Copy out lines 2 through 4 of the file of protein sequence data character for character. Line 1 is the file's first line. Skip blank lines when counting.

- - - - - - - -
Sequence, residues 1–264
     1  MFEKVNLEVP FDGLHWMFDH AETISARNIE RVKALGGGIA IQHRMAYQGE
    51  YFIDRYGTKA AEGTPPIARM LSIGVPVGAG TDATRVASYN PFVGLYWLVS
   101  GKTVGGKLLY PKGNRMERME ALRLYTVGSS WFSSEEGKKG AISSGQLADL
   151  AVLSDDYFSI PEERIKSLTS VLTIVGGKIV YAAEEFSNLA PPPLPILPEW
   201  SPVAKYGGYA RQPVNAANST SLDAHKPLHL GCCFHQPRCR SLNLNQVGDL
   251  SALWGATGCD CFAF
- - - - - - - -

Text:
     1  MFEKVNLEVP FDGLHWMFDH AETISARNIE RVKALGGGIA IQHRMAYQGE
    51  YFIDRYGTKA AEGTPPIARM LSIGVPVGAG TDATRVASYN PFVGLYWLVS
   101  GKTVGGKLLY PKGNRMERME ALRLYTVGSS WFSSEEGKKG AISSGQLADL